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Trying to clean up some code and i wanted to know if the following is a safe way to cast uint16_t to a wchar_t.

#if ! defined(MARKUP_SIZEOFWCHAR)
#if __SIZEOF_WCHAR_T__ == 4 || __WCHAR_MAX__ > 0x10000
#define MARKUP_SIZEOFWCHAR 4
#else
#define MARKUP_SIZEOFWCHAR 2
#endif

void FileReader::parseBuffer(char * buffer, int length)
{
  //start by looking for a vrsn
  //Header seek around for a vrns followed by 32 bit size descriptor
  //read 32 bits at a time
  int cursor = 0;
  char vrsn[5] = "vrsn";
  cursor = this->searchForMarker(cursor, length, vrsn, buffer);
  int32_t size = this->getObjectSizeForMarker(cursor, length, buffer);
  cursor = cursor + 7; //advance cursor past marker and size
  wchar_t *version = this->getObjectForSizeAndCursor(size, cursor, buffer);
  wcout << version;
  delete[] version; //this pointer is dest from getObjectForSizeAndCursor
}

-

wchar_t* FileReader::getObjectForSizeAndCursor(int32_t size, int cursor, char *buffer) {

  int wlen = size/2;
  uint32_t *dest = new uint32_t[wlen+1];
  unsigned char *ptr = (unsigned char *)(buffer + cursor);
  for(int i=0; i<wlen; i++) {
    #if MARKUP_SIZEOFWCHAR == 4 // sizeof(wchar_t) == 4
      char padding[2] = {'\0','\0'}; 
      dest[i] =  (padding[0] << 24) + (padding[1] << 16) + (ptr[0] << 8) + ptr[1];
    #else // sizeof(wchar_t) == 2
      dest[i] = (ptr[0] << 8) + ptr[1];
    #endif
      ptr += 2;
      cout << ptr;
  }
  return (wchar_t *)dest;
}

do i have any scoping issues with the way i am using the padding? will i leak padding when i delete dest[] in the calling function?

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In what environment is wchar_t 32 bits? And what is he endianness of the two types you are converting between? –  David Grayson Oct 7 '12 at 17:58
    
You're using a uint32_t, not a uint16_t. So which are you trying to do? Also, it's hard to tell what your code is trying to actually accomplish. –  Nicol Bolas Oct 7 '12 at 17:59
    
en.wikipedia.org/wiki/Wide_character according to that it could be 16 or 32. i read it other places also. they said on some windows systems it might be 32 bytes. –  j_mcnally Oct 7 '12 at 18:01
    
the code works fine, i just want to make sure 1) im not leaking anything, 2) if i need to add padding for the uint32_t –  j_mcnally Oct 7 '12 at 18:09
1  
wchar_t is only required to hold 8 bits, and it can be signed or unsigned. So any use of it for larger values is not portable. And while I'm on the subject, uint16_t and uint32_t are not required to exist. Unless your program requires exactly 16 or 32 bits, use uint_least16_t or uint_fast16_t, and uint_least32_t or uint_fast32_t. –  Pete Becker Oct 7 '12 at 18:24

2 Answers 2

up vote 0 down vote accepted

The distinction

#if MARKUP_SIZEOFWCHAR == 4 // sizeof(wchar_t) == 4
  char padding[2] = {'\0','\0'}; 
  dest[i] =  (padding[0] << 24) + (padding[1] << 16) + (ptr[0] << 8) + ptr[1];
#else // sizeof(wchar_t) == 2
  dest[i] = (ptr[0] << 8) + ptr[1];
#endif

is completely unnecessary. padding[i] is 0, so shifting that left keeps it 0, and adding it has no effect.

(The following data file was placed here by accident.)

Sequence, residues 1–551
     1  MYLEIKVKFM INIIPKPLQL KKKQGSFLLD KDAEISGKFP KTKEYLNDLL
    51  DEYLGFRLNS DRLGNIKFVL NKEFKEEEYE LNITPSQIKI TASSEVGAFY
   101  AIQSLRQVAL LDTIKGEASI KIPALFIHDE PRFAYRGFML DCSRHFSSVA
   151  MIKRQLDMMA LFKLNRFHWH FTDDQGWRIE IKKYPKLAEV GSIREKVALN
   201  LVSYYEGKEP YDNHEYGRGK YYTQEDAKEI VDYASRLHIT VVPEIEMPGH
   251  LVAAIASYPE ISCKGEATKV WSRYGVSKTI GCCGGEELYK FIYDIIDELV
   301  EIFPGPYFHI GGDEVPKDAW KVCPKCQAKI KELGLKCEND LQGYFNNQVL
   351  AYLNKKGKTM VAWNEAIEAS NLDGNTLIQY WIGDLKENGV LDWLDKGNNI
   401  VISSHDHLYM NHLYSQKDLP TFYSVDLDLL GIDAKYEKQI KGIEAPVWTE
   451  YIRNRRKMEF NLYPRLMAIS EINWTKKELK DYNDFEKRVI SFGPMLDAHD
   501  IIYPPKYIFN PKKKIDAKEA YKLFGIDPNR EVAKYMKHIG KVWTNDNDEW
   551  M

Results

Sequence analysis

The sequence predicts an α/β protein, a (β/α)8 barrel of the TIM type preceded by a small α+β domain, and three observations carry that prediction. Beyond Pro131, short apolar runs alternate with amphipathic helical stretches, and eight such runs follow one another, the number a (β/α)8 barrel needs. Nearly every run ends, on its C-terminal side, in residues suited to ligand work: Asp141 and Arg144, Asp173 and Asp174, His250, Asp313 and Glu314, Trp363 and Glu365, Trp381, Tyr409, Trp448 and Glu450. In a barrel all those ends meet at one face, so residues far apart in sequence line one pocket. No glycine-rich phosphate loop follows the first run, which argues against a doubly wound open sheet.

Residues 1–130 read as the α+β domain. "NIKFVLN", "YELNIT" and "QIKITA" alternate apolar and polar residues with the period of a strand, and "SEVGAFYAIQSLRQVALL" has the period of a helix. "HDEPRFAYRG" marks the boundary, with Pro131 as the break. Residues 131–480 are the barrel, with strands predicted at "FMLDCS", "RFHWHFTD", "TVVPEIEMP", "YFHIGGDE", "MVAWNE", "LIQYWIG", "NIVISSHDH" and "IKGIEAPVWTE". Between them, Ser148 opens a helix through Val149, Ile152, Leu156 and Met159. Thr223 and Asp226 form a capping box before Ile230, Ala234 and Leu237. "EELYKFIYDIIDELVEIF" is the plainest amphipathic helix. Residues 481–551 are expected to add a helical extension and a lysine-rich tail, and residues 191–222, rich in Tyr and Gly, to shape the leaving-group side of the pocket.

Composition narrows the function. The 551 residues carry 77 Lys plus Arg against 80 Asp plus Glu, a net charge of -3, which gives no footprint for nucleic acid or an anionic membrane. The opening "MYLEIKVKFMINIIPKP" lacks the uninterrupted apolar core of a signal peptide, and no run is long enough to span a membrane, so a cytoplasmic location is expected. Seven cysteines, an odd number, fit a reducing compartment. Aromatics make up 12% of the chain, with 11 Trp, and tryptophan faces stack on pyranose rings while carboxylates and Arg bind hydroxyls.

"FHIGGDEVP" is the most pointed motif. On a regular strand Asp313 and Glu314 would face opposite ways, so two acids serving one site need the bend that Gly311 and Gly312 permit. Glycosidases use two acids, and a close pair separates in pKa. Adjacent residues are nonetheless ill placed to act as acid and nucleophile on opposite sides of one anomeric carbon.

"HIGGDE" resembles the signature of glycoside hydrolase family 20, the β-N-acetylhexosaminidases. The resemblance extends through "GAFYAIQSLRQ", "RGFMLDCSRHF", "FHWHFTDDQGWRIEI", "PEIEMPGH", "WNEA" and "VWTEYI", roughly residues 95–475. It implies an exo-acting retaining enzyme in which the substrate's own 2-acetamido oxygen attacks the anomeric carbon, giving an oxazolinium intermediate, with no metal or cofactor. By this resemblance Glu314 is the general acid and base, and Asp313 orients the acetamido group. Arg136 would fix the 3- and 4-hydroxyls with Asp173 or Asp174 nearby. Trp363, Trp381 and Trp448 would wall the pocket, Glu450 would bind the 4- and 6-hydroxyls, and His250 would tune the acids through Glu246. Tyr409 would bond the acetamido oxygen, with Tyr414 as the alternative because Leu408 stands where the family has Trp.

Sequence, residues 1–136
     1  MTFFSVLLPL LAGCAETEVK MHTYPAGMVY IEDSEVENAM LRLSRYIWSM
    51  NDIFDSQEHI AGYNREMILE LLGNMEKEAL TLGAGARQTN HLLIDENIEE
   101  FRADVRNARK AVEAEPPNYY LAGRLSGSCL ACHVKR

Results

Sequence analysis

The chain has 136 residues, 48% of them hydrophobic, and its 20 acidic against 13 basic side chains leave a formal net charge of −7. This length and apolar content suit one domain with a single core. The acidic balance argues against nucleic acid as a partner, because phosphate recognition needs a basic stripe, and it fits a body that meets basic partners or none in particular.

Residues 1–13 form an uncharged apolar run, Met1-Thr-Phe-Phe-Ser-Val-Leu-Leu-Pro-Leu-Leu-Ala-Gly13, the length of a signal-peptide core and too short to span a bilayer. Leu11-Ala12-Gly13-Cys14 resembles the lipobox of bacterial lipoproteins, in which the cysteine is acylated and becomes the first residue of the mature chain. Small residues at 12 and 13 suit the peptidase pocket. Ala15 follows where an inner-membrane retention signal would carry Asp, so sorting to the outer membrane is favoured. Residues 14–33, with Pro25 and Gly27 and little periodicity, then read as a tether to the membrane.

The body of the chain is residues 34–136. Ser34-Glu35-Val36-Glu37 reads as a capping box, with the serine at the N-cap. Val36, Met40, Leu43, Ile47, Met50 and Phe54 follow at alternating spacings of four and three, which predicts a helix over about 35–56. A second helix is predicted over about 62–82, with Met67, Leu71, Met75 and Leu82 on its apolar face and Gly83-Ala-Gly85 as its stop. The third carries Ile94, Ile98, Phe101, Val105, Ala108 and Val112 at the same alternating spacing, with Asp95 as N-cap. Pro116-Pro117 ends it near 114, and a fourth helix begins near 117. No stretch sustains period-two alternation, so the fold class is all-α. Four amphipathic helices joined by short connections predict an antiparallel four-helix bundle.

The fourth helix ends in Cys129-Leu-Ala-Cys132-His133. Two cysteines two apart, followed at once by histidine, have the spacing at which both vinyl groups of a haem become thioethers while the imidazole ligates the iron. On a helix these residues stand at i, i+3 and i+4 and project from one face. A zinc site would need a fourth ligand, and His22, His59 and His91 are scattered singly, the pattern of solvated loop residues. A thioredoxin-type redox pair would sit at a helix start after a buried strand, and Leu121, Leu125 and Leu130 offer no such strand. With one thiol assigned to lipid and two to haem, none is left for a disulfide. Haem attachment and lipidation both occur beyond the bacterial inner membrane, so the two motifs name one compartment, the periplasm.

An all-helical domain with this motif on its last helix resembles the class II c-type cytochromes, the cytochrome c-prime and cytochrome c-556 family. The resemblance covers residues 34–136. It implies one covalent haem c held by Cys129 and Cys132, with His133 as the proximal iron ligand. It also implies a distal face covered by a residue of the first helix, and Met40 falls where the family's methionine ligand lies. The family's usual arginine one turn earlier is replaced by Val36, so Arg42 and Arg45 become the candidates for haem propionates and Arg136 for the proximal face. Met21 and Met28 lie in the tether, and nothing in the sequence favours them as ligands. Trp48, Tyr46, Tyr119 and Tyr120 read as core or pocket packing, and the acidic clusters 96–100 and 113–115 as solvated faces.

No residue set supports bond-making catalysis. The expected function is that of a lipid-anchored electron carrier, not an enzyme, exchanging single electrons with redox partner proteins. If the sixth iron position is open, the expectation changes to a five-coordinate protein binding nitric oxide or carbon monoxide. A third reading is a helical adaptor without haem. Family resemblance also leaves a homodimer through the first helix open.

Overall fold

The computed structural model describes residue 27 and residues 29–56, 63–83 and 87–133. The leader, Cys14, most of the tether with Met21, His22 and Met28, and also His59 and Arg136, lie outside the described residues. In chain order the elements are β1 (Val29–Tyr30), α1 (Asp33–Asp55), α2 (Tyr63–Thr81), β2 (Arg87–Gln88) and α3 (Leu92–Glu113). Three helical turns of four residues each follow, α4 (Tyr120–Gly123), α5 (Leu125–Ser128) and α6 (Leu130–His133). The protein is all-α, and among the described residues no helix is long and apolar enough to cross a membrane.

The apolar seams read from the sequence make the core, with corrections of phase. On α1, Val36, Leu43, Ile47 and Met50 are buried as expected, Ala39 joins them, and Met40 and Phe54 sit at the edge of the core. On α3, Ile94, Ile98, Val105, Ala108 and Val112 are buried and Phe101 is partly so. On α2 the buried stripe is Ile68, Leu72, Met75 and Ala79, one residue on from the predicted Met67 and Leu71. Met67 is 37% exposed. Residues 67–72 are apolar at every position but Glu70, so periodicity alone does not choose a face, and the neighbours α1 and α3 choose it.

The compiler may or may not optimise the allocation of the two-byte array padding in each loop iteration away, but since it is an automatic array, it cannot leak in any way.

Since the types used in the loop are unsigned, simply using

dest[i] = (ptr[0] << 8) + ptr[1];

is perfectly safe. (The endianness must of course be correct.)

For

return (wchar_t *)dest;

you should let the type of dest depend on the size of wchar_t, it should be uint16_t* if sizeof(wchar_t) == 2 (and CHAR_BIT == 8).

share|improve this answer
    
so theres no chance the memory at those 2 bytes would be anything other than 0? –  j_mcnally Oct 7 '12 at 18:03
    
Not unless the compiler is blatantly violating the specs. –  Daniel Fischer Oct 7 '12 at 18:04
    
oops should i also declare the uint16/32 depending on the sizeofwchar? –  j_mcnally Oct 7 '12 at 18:04
    
i feel like i over looked that, since on some systems it might be 16 bits. –  j_mcnally Oct 7 '12 at 18:04
1  
Yup, everything in the loop is unsigned, so there's no danger of undefined behaviour due to overflow. –  Daniel Fischer Oct 7 '12 at 18:13

What you're trying to do isn't going to work. It's broken in several ways, but let's focus on the cast.

Your question doesn't match your code. Your code is using a uint32_t, while your question asks about a uint16_t. But that doesn't matter, because neither will work.

If you need to use wchar_t, then you should actually use wchar_t. If your goal is to take two consecutive bytes of a char* and copy them into the first-two bytes of a wchar_t, then just do that.

Here is a much better version of your code, one that actually works (to the degree that it makes sense to copy two bytes from a char* and pretend that it's a wchar_t):

std::wstring FileReader::getObjectForSizeAndCursor(int32_t size, int cursor, char *buffer) {

  int wlen = size/2;
  std::wstring out(wlen);
  unsigned char *ptr = (unsigned char *)(buffer + cursor);
  for(int i=0; i<wlen; i++) {
    out[i] = (ptr[0] << 8) + ptr[1];
    ptr += 2;
    cout << ptr;
  }
  return out;
}

Plus, there's no chance of memory leaking since we're using a proper RAII class like std::wstring.

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